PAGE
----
Saturday, 3 July 2010

Hands, Lines & Montevideo Tape

Like an idiot I had bemoaned the fact that Holland-Brazil was the afternoon game yesterday and Ghana-Uruguay was the evening kick-off.

But what a game of football the latter offering turned out to be. The outcome of the game may have been slightly different to what I had predicted – a 3-0 Uruguay win – but it was one hell of a game for the neutral.

It had it all: drama, excitement, emotion and controversy, or the exact opposite of an England game if you prefer.

Going in to the game I must have been the only person outside of Montevideo who was supporting Uruguay.

Why was I cheering on the South Americans? There are a few reasons. First of all, they’ve really impressed me thus far in this tournament, strong at the back and dangerous going forward, it’s a rare duality that we’ve not seen too much of in South Africa. Forlan and co. have been nothing but entertaining in their earlier games, which is more than we can say about Ghana.

I’m sorry, but I just didn’t buy in to the romance of an African team doing well in Africa – maybe it’s the giant cynic that lives inside me but I’d rather watch good football, and to me that just isn’t Ghana.

The pro-Ghana bias going into the game was off the charts and it made me sick to see all these bandwagon jumpers feigning support for the last African team standing. It galled me far more than all the England hysteria that was smashed to smithereens just under a week ago.

Thus, I decided to cheer on the pantomime villains of last night, and they were wearing sky blue.

Ghana, in my opinion, have been (with the exception of the dire Algeria) the least entertaining of the African nations at this World Cup and were lucky to even be there last night.

They didn’t score a goal from open play in the group stages, relying on 2 penalties to sneak through to the second round (I refuse to call it ‘The Round of 16’) and then needed 120 minutes to scrape past the Americans.
Uruguay-Holland will be a much better Semi-Final than if Ghana had gone through, at least from a pure footballing perspective.

Ghana were outclassed for most of the game last night but got their noses in front through a wonder goal from Muntari just before half time, which meant that we were subjected to more of the campest black man in the world: Marcel Desailly’s ‘hilarious’ antics in the ITV studio at half-time.

I’m convinced ITV have only had Desailly on as pundit for this World Cup so they can mock him mercilessly and fill some air time.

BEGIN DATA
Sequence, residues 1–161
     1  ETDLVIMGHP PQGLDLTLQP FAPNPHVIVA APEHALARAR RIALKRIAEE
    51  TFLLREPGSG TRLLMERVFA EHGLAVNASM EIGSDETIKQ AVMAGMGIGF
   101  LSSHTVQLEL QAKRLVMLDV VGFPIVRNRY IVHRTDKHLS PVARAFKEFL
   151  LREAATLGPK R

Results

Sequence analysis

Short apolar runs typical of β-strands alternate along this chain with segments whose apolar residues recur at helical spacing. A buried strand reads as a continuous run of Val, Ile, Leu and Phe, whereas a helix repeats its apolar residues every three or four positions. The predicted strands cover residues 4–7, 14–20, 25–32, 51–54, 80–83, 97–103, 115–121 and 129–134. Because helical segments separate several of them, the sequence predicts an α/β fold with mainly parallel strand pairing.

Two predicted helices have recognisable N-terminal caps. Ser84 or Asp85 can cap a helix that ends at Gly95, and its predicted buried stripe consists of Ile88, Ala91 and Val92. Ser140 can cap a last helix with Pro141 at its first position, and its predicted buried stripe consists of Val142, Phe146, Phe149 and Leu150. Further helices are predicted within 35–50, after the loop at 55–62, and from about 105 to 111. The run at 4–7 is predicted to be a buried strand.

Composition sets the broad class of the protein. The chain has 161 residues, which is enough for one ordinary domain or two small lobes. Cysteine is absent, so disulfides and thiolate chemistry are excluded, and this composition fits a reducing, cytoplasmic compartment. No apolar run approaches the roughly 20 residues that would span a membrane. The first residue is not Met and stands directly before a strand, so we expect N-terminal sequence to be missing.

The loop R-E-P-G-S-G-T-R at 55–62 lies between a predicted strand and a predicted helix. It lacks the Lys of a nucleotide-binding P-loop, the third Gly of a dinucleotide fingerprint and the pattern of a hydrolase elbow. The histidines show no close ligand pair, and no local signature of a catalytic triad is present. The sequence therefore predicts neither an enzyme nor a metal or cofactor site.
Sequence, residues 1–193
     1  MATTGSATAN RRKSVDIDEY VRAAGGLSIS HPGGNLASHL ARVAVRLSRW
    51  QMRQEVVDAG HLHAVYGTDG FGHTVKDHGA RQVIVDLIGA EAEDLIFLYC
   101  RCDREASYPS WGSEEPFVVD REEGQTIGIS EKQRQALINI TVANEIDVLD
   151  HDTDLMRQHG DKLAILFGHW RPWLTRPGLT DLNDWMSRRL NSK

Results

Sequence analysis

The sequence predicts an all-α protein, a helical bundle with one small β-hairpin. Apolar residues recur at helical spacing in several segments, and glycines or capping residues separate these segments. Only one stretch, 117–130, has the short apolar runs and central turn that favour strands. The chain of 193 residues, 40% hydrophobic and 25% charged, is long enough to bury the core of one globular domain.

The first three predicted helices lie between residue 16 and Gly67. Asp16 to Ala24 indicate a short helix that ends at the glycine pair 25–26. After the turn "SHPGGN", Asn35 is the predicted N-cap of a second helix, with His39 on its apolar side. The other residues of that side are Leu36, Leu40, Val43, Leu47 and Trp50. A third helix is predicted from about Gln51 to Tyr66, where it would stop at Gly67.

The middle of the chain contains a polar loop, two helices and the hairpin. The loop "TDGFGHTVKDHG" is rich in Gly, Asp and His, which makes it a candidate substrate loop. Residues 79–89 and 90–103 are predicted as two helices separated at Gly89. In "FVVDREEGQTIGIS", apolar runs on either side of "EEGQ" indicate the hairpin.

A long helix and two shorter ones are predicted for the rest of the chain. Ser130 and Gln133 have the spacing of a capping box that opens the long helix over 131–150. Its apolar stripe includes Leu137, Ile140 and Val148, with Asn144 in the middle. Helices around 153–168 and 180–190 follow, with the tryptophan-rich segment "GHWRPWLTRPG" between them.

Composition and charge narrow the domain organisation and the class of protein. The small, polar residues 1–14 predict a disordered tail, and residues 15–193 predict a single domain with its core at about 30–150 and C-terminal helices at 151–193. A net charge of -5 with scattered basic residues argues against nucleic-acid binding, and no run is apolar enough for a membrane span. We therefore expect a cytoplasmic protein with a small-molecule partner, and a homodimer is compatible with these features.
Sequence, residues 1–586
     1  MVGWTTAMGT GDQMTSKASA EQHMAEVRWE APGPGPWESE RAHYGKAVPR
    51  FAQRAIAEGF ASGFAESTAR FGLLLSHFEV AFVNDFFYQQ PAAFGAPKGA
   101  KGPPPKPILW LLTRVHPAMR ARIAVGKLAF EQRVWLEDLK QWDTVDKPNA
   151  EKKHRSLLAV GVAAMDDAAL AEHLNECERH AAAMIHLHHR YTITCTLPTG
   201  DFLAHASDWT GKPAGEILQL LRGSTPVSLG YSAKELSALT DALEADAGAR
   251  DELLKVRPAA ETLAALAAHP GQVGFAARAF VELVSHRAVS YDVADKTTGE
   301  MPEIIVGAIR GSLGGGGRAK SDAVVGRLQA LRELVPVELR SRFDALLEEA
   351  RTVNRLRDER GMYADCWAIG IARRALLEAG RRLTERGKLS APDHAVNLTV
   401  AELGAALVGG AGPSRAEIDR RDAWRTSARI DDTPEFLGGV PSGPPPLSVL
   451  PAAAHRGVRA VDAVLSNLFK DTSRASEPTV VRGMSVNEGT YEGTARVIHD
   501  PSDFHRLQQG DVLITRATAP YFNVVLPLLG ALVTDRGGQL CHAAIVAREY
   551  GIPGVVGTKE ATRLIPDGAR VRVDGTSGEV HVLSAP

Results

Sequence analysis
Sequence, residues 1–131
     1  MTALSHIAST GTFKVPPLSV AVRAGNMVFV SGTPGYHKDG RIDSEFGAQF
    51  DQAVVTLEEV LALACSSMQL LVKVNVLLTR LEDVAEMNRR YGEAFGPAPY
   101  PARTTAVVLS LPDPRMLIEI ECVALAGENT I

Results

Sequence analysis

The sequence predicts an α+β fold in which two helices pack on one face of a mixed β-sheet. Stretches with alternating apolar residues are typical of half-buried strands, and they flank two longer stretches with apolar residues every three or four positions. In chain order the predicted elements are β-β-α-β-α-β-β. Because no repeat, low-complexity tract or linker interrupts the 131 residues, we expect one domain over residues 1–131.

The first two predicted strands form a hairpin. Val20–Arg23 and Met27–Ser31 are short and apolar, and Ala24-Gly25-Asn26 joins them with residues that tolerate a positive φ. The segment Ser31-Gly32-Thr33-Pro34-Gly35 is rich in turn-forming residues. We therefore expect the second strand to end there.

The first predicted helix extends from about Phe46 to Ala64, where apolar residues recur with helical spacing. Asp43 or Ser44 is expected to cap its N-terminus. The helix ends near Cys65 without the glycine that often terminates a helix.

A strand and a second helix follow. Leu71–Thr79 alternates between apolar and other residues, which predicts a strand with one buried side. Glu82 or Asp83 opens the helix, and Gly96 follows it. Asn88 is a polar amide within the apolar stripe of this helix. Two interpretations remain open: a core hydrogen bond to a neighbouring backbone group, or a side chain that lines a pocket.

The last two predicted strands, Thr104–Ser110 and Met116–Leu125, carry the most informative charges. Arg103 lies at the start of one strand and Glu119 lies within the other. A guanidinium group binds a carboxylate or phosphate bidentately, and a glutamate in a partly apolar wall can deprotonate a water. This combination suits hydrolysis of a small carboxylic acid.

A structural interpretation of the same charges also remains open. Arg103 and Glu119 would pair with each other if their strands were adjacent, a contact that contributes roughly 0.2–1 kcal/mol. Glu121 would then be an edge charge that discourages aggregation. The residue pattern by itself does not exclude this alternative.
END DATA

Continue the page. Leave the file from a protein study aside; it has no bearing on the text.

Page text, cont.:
Ten minutes into the second half Uruguay were level through a goal equally as masterful, if not better, than the first through their man of the tournament thus far Diego Forlan.

I thought a Uruguay goal would knock the stuffing out of both the Ghanaian team and fans, but credit where it’s due, the vuvuzelas may have fallen silent briefly but they were soon back in full annoying sonic boom as the African’s eternal optimism and never-say-die attitude kicked into overdrive.

90 minutes couldn’t sort them out which prompted extra time and led to the controversy that has marred the spectacular game of football we witnessed.

With the last attack of the game Ghana were awarded a free kick, which wasn’t actually a free kick – the Ghanaian player tripped over his own legs – but nonetheless, the free kick came over and after a scramble in the box and a bit of pin ball, Uruguay striker Luis Suarez swatted the ball off the line with his hand preventing a certain goal that would have sunk Uruguay.

The ref awarded Ghana a penalty – which boiled down to this: score and you’re through, miss and it’s penalties.

Up stepped Asamoah Gyan, the man who had previously scored Ghana’s 2 penalties in the competition… and he crashed it against the crossbar.

The penalty shoot-out ended in victory for the Uruguayans thanks to the most audacious penalty I’ve ever seen and then the faux-outrage began.

Yes, Suarez cheated and he was duly punished by being sent-off, Ghana blew their chance to punish him further by missing their penalty. Uruguay then won the penalty shoot-out fair and square.

Yet people are comparing what Suarez did to Maradona’s hand of God. This is simply because it was against Ghana, if a Ghanaian player had done this I have no doubt some moronic people would be praising his intelligence.

In their condemnation of the most-hated Uruguayan since last Sunday, people are conveniently forgetting that the free kick that led to the hand ball wasn’t even a free kick and that the ref robbed Uruguay of at least 2 penalties during the course of the game due to bogus officiating.

I got the impression that the ref was weak last night, under the pressure of an emotionally charged continent. If the shoe had been on the other foot and he’d awarded Uruguay a dodgy free kick that led to this incident then we’d have had no end of abuse against the official but as it is, no one has batted an eye lid.

My decision to support Uruguay last night was vilified this morning as I logged into Facebook and twitter and saw comments like “I’m more upset about Ghana going out than I was about England”.

In addition to comments like the above, which make you wonder if we need a second great flood, there are people scapegoating Suarez as the embodiment of everything that is wrong with modern football. Kind of ridiculous when you consider that we have seen some of the most flagrant diving and play acting of all time in other games at this World Cup.

Football is an emotive sport and this piece is definitely Uruguay-biased, but hey, someone has to defend the bad guy.

I’m like Johnny Cochrane – defending a guy who is blatantly guilty of committing a crime with his hands – but when you are surrounded by a World of fickle, bandwagon jumping, flavour of the week tasting idiots you kind of feel compelled to.


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